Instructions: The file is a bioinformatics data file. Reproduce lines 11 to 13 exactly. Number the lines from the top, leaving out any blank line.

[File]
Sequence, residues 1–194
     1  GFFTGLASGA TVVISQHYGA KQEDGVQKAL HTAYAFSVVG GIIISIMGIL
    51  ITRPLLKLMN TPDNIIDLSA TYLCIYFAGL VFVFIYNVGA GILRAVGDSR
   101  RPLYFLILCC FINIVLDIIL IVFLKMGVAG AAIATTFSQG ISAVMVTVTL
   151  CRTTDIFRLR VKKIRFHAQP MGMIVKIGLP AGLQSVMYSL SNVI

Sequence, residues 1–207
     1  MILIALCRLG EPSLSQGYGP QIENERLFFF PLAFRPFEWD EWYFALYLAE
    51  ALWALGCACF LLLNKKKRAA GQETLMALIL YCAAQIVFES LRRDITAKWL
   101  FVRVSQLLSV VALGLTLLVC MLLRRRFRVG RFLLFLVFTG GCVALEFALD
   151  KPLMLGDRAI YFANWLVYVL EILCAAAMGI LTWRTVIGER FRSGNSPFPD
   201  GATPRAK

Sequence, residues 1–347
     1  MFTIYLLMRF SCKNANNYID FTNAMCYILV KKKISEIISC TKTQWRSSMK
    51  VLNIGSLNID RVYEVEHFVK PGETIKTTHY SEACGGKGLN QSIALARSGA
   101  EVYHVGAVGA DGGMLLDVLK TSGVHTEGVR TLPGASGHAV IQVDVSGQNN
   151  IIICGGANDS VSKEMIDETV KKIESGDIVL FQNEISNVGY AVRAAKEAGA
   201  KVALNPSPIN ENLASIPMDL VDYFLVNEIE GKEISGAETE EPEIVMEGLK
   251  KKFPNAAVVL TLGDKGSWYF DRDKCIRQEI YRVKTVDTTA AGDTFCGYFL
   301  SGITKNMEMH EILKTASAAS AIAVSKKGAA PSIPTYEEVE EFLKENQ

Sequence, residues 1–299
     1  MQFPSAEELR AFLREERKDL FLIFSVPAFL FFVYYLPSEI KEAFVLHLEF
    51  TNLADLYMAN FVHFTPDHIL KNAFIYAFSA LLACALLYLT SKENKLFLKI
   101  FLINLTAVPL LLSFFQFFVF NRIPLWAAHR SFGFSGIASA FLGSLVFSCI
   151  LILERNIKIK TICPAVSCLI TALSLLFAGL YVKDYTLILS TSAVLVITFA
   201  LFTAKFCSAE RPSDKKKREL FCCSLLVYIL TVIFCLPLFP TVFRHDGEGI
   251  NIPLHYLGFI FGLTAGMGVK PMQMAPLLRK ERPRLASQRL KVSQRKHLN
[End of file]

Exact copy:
   201  GATPRAK

Sequence, residues 1–347
     1  MFTIYLLMRF SCKNANNYID FTNAMCYILV KKKISEIISC TKTQWRSSMK